New Delhi: Indian citizens won’t be shielded from prying by government agencies if the Union home ministry gets its way with the proposed privacy law.
The ministry is insisting that intelligence and law enforcement agencies be kept out of the purview of the proposed Act, and allowed to continue monitoring the activities and carry out electronic surveillance of citizens, officials familiar with the situation said.
The department of personnel and training (DoPT), which is drafting the right to privacy Bill, feels the ministry’s stand flies against the reasoning behind the law, which was aimed at protecting all Indians against any misuse of their personal information, interception of personal communications, unlawful surveillance and unwanted commercial communication.
DoPT worked on these aspects and approached the cabinet secretary to direct the home ministry to deal withprovisions relating to the interception of phone calls and emails—issues on which the department has no practical expertise.
“We are suggesting that the way intelligence and investigation agencies are exempted under schedule 2 of the Right to Information (RTI) Act, they should be kept out of the proposed privacy Bill in view of national security,” a senior government official said, asking not to be named because of the sensitive nature of the matter.
“Even Article 21 that provides right to life and liberty under the Constitution also gives the right to privacy,” this official said. “At the same time, Article 21 also says that no person shall be deprived of life or personal liberty except according to procedure established by law. So, the Constitution provides scope of lawful interception. And there have been clear-cut guidelines (spelled out) by the Supreme Court that allow lawful monitoring by the agencies.”
Under schedule 2 of the RTI Act, citizens are restricted from seeking information from agencies such as the Intelligence Bureau (IB), the Research and Analysis Wing, the Central Bureau of Investigation, the National Investigation Agency, the National Intelligence Grid and the National Technical Research Organisation.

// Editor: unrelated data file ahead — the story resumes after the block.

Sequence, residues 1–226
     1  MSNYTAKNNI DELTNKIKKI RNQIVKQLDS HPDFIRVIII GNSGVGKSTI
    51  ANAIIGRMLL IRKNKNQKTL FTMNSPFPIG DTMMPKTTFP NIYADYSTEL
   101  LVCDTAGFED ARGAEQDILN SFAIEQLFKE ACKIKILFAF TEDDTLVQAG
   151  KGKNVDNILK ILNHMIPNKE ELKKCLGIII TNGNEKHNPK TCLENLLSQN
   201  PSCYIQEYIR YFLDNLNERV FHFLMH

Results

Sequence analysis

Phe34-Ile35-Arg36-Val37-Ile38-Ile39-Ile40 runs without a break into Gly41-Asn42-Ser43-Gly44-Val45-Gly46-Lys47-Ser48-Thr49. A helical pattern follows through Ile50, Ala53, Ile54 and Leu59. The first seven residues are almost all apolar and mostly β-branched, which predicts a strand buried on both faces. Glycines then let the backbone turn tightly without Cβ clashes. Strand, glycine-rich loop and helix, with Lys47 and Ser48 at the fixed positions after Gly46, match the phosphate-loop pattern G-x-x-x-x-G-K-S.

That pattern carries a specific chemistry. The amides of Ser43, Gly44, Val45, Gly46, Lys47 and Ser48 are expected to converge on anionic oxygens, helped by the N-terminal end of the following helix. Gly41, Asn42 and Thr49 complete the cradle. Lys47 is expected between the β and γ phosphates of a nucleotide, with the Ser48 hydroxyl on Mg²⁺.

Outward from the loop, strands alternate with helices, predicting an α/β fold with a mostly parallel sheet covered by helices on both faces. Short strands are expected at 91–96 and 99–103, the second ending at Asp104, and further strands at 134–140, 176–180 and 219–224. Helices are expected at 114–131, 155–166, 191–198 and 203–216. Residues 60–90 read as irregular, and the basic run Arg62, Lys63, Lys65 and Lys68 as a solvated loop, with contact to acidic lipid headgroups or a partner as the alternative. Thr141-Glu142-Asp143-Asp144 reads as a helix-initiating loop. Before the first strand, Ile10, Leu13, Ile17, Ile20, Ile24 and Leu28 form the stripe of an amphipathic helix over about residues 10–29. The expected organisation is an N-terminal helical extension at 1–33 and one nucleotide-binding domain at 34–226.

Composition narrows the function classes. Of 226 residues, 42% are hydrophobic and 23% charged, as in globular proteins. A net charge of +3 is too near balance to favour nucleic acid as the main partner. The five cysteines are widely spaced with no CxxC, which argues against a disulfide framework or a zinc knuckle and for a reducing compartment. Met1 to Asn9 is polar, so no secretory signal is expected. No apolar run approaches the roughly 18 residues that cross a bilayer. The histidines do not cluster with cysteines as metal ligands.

“We reiterated our earlier position. We do not want the privacy Bill to interfere with intelligence gathering,” said a senior intelligence official, who also spoke on condition of anonymity. “We are willing to accommodate more safeguards in line with the spirt of the privacy Bill, but we do not want to be placed under the Bill.”
The Supreme Court laid down guidelines for the interception of telephone calls by government agencies in the case People’s Union for Civil Liberties v. Union of India in 1997.
Under the guidelines, only Union and state home secretaries are authorized to permit interception of phone calls and emails. There is an oversight committee comprising the cabinet secretary, law secretary and telecom secretary that periodically reviews all authorizations by the home secretaries.
A home ministry official said around 10,000 telephone calls are being monitored at any given point of time.
Aditya Sondhi, a lawyer who has filed a petition before the Karnataka high court, questioning the extra-constitutional status of IB and seeking a legal regime to govern and regulate it, said an integral part of the rule of law is that any surveillance carried out by any agency of the state is backed by the force of law and is duly regulated.
“As such, excluding intelligence agencies from the proposed privacy Bill frustrates the very purpose of the law and could continue to cause violations of the rights of citizens who are at the mercy of such extra-legal operations,” he added.
The government expanded the scope of a proposed data protection Bill to a privacy Act after it came under fire over the leakage of taped conversations between corporate lobbyist Niira Radia, business leaders and journalists. Tata group chairman Ratan Tata objected to the leaking of his personal conversations with Radia and moved the apex court. His privacy petition is pending before the court.
DoPT further extended the data protection Bill to include provisions of lawful interception, surveillance and illegal commercial communication.
“We have come to know the home ministry’s stand on the issue. But their view is against the basic framework of the proposed privacy law. It defies the entire purpose,” another government official said, adding: “What if an agency falters? There has to be some mechanism under which these agencies should be answerable to citizens.”
Both the officials quoted above said the matter will now be put before the cabinet secretary to resolve the issue.
Appu Esthose Suresh contributed to this story.